The second system that is often being used (and we'll see more of it in the future) is the Semi Turn-Based Combat System. Now, what could that be...? Well, it's simply a Turn Based System with a timer, which limits the player's actions. Instead of action points and such, each character in the party has a timer that enables (or disables) a set of options and actions through a certain period. Final Fantasy VIII uses a system similar to this, as well as Fallout Tactics (which is a strategy with RPG elements). This system provides a more realistic approach to battle. This also makes the player think and act faster, which makes the game so much more exciting. Semi Real Time is, at the present, the most popular system. This system made its grand entrance to the gaming scene with Baldur's Gate. It was used before in some games (Lords of Magic, and few others...), but it was rare in the RPG genre. The main reason was that Semi Real-Time means real-time combat with the possibility of pausing the game and giving out orders to characters or character (in case the player is leading only one of them).
Although BioWare programmers have limited the access to the inventory in Baldur's Gate, they have increased the realistic aspect of this game in regard to combat. I mean, how do you expect a player to take an item, or find that amulet that makes d20+1 hits, while a gang of Hobgoblins are beating his sorry ass blue? This Combat System was the best for RPG, because it provides the best atmosphere, it is tactically challenging, and allows the player to consider his next move while playing.
The last one is the Real-Time Combat System. With the RTS/FPS expansion, it became popular on the RPG scene. Real time combat can become very confusing in an RPG. It is impossible to plan a fight and utilize the advantages of an RPG (weapons, spells and such...) in a proper way. Instead, the game becomes hack'n'slash. This goes exclusively for games with isometric view. It is impossible for a modern RPG with the first person view (like Deus Ex, for example) to have an optional pause, since it would kill the action and the atmosphere. On the other hand, the last few releases of the Might & Magic serial have optional pause and the possibility of dealing out commands during combat, transiting from real-time to semi real-time.
General gameplay, regardless of the combat system, is best in real time, because it's fast, gives maneuverability and easy in-game character reaction. Real Time Combat System is best appreciated over the net. The majority of MMORPG uses this system, 'cause we have some slow players (I mean, you can time these guys with a calendar). If you were to mention turn-based in the same sentence as Multiplayer, you would probably get laughed at. Slow paced games have no place on the net, so Real Time rules net games, and it looks its gonna stay that way for a while. Very few games are designed as Single player only, and Multiplayer became the main thing with the expansion of the Internet. But you have to ask yourself--has online gaming become better with this support? Who cares, anyway, the main thing is that the manufacturers are getting rich and the product is adequately marketed. It's only since recently that they started asking us players for an opinion.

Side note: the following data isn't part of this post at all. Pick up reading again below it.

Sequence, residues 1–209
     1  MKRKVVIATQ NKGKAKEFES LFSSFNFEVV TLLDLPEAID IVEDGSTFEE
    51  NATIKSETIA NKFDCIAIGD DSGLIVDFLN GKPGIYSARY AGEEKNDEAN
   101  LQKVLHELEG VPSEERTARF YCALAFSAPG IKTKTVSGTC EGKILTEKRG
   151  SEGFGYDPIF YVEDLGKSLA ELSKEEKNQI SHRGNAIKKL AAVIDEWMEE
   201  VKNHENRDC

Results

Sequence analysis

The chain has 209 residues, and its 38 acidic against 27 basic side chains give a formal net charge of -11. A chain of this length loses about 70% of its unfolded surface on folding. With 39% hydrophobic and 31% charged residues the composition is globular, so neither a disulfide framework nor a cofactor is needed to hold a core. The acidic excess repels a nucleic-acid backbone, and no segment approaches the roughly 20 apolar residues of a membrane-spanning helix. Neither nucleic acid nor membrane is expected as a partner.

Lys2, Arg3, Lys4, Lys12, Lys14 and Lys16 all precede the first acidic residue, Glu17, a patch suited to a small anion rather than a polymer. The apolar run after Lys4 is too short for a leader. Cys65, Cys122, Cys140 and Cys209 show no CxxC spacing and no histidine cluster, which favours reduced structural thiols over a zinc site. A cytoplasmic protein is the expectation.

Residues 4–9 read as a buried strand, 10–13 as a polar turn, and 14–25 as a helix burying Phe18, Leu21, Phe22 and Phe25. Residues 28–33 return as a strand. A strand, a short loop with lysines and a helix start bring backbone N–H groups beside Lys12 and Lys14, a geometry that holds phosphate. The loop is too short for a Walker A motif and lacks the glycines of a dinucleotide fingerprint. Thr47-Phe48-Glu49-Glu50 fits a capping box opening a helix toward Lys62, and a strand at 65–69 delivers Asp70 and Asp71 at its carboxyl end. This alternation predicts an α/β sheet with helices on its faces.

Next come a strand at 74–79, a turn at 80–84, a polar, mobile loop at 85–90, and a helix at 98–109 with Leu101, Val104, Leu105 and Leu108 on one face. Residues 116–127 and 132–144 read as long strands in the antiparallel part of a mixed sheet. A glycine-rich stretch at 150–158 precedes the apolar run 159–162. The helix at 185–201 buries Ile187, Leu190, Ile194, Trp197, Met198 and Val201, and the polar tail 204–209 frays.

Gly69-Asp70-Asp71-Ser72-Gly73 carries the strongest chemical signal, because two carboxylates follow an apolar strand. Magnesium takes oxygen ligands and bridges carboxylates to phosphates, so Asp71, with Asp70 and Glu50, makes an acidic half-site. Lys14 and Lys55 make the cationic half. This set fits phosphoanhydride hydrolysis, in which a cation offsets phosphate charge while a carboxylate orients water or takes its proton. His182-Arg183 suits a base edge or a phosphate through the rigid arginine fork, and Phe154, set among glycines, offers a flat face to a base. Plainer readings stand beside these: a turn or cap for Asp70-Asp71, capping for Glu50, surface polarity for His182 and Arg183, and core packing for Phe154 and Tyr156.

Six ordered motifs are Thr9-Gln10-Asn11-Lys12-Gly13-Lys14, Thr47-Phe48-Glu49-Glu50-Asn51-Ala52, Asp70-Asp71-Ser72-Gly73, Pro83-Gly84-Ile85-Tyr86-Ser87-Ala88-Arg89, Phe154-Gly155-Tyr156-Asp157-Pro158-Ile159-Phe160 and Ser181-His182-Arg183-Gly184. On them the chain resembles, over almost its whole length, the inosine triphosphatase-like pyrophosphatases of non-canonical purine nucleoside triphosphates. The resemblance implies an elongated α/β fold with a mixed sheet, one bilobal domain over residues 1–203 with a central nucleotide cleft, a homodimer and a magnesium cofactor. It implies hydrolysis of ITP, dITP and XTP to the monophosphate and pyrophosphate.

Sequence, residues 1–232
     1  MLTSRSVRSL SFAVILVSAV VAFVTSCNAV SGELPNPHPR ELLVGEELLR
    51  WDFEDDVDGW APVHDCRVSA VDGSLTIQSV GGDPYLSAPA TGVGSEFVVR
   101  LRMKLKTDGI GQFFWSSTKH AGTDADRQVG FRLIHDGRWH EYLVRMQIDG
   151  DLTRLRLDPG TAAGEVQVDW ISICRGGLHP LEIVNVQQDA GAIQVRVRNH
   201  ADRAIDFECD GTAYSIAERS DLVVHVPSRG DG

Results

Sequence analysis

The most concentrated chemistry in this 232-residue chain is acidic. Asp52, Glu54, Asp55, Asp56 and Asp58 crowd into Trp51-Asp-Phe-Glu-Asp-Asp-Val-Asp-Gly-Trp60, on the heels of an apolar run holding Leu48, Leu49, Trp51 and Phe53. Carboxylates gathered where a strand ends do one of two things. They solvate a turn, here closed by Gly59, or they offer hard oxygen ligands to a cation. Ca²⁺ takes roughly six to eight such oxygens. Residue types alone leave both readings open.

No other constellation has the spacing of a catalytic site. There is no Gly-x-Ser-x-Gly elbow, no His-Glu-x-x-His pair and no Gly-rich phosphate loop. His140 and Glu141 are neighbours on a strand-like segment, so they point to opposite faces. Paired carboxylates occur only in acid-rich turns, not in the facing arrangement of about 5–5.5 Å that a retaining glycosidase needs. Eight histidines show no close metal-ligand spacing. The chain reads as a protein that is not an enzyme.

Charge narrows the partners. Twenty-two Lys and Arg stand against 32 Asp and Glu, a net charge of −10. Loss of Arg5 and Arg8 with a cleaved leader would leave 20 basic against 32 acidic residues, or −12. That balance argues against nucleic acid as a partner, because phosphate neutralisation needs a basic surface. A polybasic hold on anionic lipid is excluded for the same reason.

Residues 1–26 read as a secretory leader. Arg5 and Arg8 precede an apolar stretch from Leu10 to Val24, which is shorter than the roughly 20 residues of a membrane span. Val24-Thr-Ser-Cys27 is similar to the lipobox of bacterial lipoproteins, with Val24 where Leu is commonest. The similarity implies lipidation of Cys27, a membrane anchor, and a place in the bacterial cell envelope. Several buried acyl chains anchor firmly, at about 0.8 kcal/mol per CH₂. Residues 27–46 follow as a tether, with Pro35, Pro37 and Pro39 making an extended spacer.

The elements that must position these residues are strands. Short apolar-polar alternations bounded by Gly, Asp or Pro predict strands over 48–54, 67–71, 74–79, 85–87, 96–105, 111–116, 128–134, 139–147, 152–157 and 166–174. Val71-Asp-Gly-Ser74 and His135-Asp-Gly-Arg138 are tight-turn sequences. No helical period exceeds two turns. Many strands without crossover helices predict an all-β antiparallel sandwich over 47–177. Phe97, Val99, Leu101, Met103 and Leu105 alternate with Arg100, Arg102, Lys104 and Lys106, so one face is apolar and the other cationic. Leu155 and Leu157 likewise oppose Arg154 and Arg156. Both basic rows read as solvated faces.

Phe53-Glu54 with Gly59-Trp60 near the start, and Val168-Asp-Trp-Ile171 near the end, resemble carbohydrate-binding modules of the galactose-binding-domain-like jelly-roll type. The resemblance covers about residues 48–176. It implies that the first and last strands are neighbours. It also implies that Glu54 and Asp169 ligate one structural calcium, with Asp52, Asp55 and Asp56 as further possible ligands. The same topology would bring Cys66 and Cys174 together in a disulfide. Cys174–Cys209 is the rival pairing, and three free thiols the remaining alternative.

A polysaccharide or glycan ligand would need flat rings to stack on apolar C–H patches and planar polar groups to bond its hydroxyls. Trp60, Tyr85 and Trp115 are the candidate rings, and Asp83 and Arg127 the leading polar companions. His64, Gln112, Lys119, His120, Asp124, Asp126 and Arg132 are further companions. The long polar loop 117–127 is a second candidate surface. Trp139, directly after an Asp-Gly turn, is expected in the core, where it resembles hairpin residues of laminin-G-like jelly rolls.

Apparently, it is impossible to apply true real-time RPG combat system in a game that has more than one character. When that is the case, the game resembles RTS or an action game. The big difference is that you don't use your "personnel" as cannon fodder in RPG; you make sure they make it in one piece to the end of the game. Because the characters gradually develop and advance through levels, you don't feel easy about losing them in a simple skirmish with a monster just because you didn't give out the order for them to move out of his way, and he squished them with his mallet. The ultimate goal of every developer is to create a hybrid game that will be compatible with all combat systems. Will that ever happen in the future? Lets wait and see.
For now, I am rooting for the BioWare guys and their Infinity engine. The RPG's you play in first person have a long way ahead, and yet to prove themselves and totally replace FPS games as we know them today.